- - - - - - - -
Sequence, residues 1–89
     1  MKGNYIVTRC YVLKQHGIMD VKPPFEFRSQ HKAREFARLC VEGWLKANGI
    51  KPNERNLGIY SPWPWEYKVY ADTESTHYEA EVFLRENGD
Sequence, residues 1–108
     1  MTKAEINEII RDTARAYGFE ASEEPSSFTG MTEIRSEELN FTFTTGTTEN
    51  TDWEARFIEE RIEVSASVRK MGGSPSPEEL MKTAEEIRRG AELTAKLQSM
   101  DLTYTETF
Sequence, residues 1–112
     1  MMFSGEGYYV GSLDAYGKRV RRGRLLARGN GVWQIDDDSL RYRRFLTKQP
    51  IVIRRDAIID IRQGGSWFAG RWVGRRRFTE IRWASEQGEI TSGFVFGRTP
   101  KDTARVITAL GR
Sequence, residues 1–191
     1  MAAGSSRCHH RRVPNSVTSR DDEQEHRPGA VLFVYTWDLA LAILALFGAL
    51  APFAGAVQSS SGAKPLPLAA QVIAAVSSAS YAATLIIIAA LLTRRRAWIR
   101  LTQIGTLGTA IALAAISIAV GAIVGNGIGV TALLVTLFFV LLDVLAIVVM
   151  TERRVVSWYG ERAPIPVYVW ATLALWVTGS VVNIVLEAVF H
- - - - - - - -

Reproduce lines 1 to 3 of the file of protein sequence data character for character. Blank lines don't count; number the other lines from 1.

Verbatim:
Sequence, residues 1–89
     1  MKGNYIVTRC YVLKQHGIMD VKPPFEFRSQ HKAREFARLC VEGWLKANGI
    51  KPNERNLGIY SPWPWEYKVY ADTESTHYEA EVFLRENGD